Referring now to FIG. 4, there are shown experimental results of the half-pitch induction motor air gap flux density. The air gap flux density of the motor disclosed in U.S. Pat. No. 4,371,802 is substantially a square wave shape as shown in the small dashed line 51. Ideally, however, the flux traveling across the air gaps and between each tooth inner end 20 should be sinusoidal as shown in the larger dashed line 53. Ideally, if the desired sinusoidal flux density represented by larger dashed line 53 is applied to the rotor, inductance would be substantially uniform on the rotor squirrel cage and available torque per given power input would increase along with efficiency. Where the tooth ends 20 create a uniform and constant air gap 28 with the rotor 22 a square wave is experienced by the rotor as indicated by line 51, and the various harmonic waves which, in essence make up the square wave, are also experienced by the rotor. However, the various harmonic flux waves are at different frequencies thereby introducing detrimental magnetic flux into the rotor and, thus, also arbitrary torque outputs at any given speed. This problem with respect to harmonic wave flux densities is also described in Wayne J. Morrill, U.S. Pat. No. 4,371,082.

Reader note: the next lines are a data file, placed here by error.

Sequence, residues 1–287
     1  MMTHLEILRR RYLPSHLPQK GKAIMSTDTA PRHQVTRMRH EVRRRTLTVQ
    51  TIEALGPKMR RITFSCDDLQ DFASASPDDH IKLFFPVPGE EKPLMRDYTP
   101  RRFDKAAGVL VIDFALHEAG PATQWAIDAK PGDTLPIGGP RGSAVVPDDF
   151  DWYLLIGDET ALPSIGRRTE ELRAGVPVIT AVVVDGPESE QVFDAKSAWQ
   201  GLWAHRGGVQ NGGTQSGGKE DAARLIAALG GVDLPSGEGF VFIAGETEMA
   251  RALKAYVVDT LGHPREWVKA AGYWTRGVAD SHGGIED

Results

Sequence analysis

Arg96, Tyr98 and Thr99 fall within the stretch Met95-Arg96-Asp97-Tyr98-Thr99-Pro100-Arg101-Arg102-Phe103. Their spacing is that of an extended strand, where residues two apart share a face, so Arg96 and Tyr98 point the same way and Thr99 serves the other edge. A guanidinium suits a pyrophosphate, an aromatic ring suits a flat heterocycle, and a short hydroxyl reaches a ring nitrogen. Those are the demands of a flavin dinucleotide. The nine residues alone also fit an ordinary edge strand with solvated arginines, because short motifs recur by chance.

By shaping the tooth faces 31 of teeth ends 20 and increasing the air gaps 28 between the rotor 22 and teeth 16 toward teeth tips 52, the reluctance thereat is increased and the flux density experienced by the rotor is changed advantageously as shown in FIG. 4 in the solid line 55. As shown by the experimental data, the flux density wave represented by solid line 55 appears to be closer to the fundamental sinusoidal wave represented by laser dashed line 53. Indeed, by shaping the teeth inner teeth ends 20 as described herein, efficiencies have been seen to increase approximately 12.04 percent from 43.2 percent to 48.4 percent.